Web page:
"Tell me Olwe," Pangold persisted as the dwarf attempted to waive off his question in favor of a deep pull from his cup.  "Tell me why such a place is so important to you, you are not related to the Porshaft clans are you?  I have heard you sing at length of your people, of the Mineshadow, the Lorearthens, and the Wilward.  But I did not realize a filial connection existed between you and that wondrous place."   
"It's true that when I think and speak of Porshaft, I do so fondly.  It is indeed a marvellous place.  And although I have share no family blood with its founders or current inhabitants, I have had the honor of laying eyes on its rightly praised Great Staircase as well as several of the first level antechamber rooms and halls."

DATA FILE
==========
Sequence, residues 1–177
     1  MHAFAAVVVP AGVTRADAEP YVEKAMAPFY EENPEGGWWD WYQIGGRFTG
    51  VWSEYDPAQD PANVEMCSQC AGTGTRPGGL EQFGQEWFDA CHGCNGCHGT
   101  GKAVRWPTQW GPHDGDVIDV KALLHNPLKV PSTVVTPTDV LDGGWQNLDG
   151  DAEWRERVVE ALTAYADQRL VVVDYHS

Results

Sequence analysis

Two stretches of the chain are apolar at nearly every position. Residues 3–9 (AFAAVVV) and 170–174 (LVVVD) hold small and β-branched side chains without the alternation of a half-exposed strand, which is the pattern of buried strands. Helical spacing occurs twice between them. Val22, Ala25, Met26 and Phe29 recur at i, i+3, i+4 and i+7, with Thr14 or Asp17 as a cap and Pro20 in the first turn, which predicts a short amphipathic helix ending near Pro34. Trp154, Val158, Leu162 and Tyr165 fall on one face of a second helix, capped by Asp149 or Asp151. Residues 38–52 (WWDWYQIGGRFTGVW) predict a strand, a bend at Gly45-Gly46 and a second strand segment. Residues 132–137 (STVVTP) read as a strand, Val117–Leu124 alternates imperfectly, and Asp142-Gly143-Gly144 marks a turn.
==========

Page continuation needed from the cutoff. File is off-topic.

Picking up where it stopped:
"But if you must know why I always smile a little when I think of Porshaft it is because it reminds me of the fantasy that keeps me going."  He gulped his drink deeply.
Pangold listened intently to the story that followed of a young Olwe journeying with his father to the trading centers surrounding Porshaft, and of a short day-trip into the mouth of the great city set a mile deep into the granite base of an imperious mountain.  He savoured the care in word choice and imagery that the budding bard of a dwarf demonstrated in his telling.  And he could not help but be desirous of seeing it for himself, so finely did Olwe portray its endless and finely crafted passageways, stairways, intersections, pillared underground boulevards, great solid stone doors, and its miles and miles of expanse.